Atelier Ayesha is a solid, addictive game that shows nice strides forward in storytelling by the Atelier series. It has some minor issues in terms of quest direction and combat frequency, but makes up for that with a strong story, sympathetic characters, and solid gameplay systems. It's a great game for anybody who enjoys JRPGs and enjoys the item creation and time management features that are a hallmark of the series. However, I'd particularly like to see more young women try out the Atelier series with this entry, especially with the stronger storytelling it displays. They just might find themselves hooked on alchemy.

Becky Cunningham
Contributing Writer
Date: March 8, 2013

Gust continues to improve its mastery of cel shading, with too many palette-swapped enemies the only complaint here.
There's a bit too much combat, but the systems are solid and alchemy has been simplified in a good way.
Music / Sound FX / Voice Acting
The music and most of the voice acting is fine, but Ayesha's voice is a major disappointment.
Play Value
Improved storytelling makes this Atelier game compelling to play through, and there's plenty of gameplay to be had.
Overall Rating - Great
Not an average. See Rating legend below for a final score breakdown.
Review Rating Legend
0.1 - 1.9 = Avoid 2.5 - 2.9 = Average 3.5 - 3.9 = Good 4.5 - 4.9 = Must Buy
2.0 - 2.4 = Poor 3.0 - 3.4 = Fair 4.0 - 4.4 = Great 5.0 = The Best

Game Features:

  • New story and cast of characters: Ayesha's mission is to find her younger sister, Nio, who went missing after she left home to gather medicinal ingredients, and Ayesha will be supported and helped by those already close to her, as well as new friends she'll meet along the way. This new setting will embrace all the Japanese RPG fans who are looking for a new kind of alchemy RPG!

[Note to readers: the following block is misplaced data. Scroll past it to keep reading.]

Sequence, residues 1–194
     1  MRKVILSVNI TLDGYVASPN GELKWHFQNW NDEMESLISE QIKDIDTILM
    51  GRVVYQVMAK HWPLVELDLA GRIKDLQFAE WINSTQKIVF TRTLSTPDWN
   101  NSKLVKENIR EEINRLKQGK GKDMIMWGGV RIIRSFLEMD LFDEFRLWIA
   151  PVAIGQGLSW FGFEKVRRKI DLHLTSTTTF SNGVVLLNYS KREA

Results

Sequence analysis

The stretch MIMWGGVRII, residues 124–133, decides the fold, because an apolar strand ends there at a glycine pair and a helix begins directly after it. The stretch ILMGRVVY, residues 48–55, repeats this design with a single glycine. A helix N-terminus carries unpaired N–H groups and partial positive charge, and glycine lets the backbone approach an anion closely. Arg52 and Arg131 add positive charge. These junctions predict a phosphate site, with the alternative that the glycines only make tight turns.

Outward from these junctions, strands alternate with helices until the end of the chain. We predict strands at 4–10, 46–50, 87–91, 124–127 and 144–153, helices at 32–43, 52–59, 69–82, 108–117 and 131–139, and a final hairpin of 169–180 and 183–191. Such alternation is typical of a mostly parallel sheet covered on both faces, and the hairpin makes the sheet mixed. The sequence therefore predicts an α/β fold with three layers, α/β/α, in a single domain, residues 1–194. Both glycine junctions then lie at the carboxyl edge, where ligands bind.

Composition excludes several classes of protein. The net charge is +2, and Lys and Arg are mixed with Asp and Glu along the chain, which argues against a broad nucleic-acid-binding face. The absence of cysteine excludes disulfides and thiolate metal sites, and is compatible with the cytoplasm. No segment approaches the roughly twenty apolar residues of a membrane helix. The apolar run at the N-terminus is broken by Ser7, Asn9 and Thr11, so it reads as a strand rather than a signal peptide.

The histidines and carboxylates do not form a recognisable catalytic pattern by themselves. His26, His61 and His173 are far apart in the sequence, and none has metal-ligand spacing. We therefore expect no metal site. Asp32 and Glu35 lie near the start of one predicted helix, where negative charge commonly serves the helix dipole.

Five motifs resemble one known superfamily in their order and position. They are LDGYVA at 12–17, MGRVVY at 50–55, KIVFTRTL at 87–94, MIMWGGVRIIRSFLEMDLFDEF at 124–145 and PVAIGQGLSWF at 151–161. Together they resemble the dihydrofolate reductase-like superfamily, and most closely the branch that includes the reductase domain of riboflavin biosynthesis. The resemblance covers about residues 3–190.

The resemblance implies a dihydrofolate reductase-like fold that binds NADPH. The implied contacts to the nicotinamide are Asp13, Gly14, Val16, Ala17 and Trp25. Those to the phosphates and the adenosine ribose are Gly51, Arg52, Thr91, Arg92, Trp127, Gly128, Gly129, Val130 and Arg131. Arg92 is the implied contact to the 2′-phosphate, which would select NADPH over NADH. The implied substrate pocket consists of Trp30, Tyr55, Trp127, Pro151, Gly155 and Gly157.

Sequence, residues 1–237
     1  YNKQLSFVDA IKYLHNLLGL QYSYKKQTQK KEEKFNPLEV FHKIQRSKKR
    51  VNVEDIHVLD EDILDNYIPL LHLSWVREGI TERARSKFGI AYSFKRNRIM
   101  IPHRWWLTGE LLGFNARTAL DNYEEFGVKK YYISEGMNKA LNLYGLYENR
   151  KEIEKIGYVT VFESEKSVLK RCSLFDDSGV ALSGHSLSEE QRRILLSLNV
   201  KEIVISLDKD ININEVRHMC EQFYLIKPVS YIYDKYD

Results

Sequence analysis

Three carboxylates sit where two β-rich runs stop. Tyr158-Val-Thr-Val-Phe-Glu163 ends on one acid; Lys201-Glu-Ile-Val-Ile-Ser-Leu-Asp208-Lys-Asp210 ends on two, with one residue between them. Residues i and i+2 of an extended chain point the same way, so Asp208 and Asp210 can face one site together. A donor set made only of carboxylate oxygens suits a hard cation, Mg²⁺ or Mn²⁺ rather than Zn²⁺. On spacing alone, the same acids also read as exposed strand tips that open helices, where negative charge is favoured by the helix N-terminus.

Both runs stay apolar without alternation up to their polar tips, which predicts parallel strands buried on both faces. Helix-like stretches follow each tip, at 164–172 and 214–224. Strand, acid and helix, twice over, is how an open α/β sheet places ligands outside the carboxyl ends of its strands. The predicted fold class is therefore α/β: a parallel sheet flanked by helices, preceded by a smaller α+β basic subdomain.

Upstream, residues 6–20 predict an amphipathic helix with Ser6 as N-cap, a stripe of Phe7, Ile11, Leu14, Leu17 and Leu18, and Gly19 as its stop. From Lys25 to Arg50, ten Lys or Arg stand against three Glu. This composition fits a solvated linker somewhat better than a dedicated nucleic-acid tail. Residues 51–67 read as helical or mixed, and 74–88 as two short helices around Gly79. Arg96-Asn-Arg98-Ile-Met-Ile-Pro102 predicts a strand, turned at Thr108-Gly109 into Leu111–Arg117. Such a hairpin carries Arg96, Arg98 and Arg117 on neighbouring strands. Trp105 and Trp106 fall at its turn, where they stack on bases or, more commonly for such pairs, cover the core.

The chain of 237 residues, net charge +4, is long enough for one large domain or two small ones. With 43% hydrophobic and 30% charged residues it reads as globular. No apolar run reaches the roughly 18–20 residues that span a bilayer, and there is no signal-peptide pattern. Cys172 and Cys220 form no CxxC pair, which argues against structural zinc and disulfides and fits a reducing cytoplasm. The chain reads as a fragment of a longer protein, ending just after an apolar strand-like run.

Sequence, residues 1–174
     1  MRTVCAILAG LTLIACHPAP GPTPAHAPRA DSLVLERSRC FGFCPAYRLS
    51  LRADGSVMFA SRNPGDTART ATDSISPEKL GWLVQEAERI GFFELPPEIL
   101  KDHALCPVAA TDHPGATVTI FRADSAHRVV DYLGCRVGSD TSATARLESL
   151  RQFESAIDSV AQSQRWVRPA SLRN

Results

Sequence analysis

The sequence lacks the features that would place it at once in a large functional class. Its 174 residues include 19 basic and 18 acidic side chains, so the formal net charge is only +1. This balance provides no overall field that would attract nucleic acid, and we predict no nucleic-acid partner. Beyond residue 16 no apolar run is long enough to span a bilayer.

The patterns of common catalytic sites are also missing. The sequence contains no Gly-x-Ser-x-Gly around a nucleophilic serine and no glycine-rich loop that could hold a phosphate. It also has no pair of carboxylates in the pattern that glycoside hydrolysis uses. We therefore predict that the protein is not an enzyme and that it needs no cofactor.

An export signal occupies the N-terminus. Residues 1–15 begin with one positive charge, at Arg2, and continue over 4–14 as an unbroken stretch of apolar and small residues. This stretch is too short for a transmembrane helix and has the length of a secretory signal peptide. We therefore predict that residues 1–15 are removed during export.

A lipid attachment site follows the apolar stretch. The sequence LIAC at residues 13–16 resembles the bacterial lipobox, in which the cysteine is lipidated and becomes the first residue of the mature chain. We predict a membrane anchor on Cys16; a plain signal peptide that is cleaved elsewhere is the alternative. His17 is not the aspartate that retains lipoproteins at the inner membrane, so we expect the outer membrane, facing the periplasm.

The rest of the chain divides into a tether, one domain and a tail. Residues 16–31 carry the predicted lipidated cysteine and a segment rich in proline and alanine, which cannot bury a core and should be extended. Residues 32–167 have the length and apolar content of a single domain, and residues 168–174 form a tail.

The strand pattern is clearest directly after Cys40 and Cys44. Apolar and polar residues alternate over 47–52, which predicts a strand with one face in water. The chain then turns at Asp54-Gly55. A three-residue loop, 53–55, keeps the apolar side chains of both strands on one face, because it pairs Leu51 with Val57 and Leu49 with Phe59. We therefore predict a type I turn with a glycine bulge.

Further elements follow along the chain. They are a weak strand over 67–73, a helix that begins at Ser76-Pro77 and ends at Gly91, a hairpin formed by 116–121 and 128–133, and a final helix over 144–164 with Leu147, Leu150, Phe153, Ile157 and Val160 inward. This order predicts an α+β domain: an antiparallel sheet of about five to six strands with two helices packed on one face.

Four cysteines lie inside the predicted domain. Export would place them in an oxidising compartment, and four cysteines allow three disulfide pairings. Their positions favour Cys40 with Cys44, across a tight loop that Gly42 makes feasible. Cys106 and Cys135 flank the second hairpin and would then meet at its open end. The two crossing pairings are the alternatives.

• Keep a diary to delve deeper into the story: The new Diary System allows the player to keep a log of Ayesha's activities. Keeping up with the diary, Ayesha will be able to gain more recipes, bonus stats, and items. Atelier Ayesha: The Alchemist of Dusk does not have any time restriction on each mission; instead, every mission will be connected and will help determine your success in finding Ayesha's younger sister.
  • Turn-based battle system: Atelier Ayesha: The Alchemist of Dusk features a turn-based battle system that emphasizes the importance of character positioning and distance from the enemies. Support and Assist attacks among your party will play a big role in each battle. Place your party members wisely and strategize your way to victory!
  • Back Attacks and unique character skills: Atelier Ayesha: The Alchemist of Dusk has an updated battle system that allows players to move behind the enemy; attack them from the rear to score critical hits! Get familiar with the special skills and abilities of each character to maximize your battle experience!
  • Alchemy gets even more exciting by focusing on the process: Atelier Ayesha: The Alchemist of Dusk features an updated synthesis system where Ayesha will learn special alchemy skills that she can use to fine-tune the details of the items that she synthesizes for more desirable results!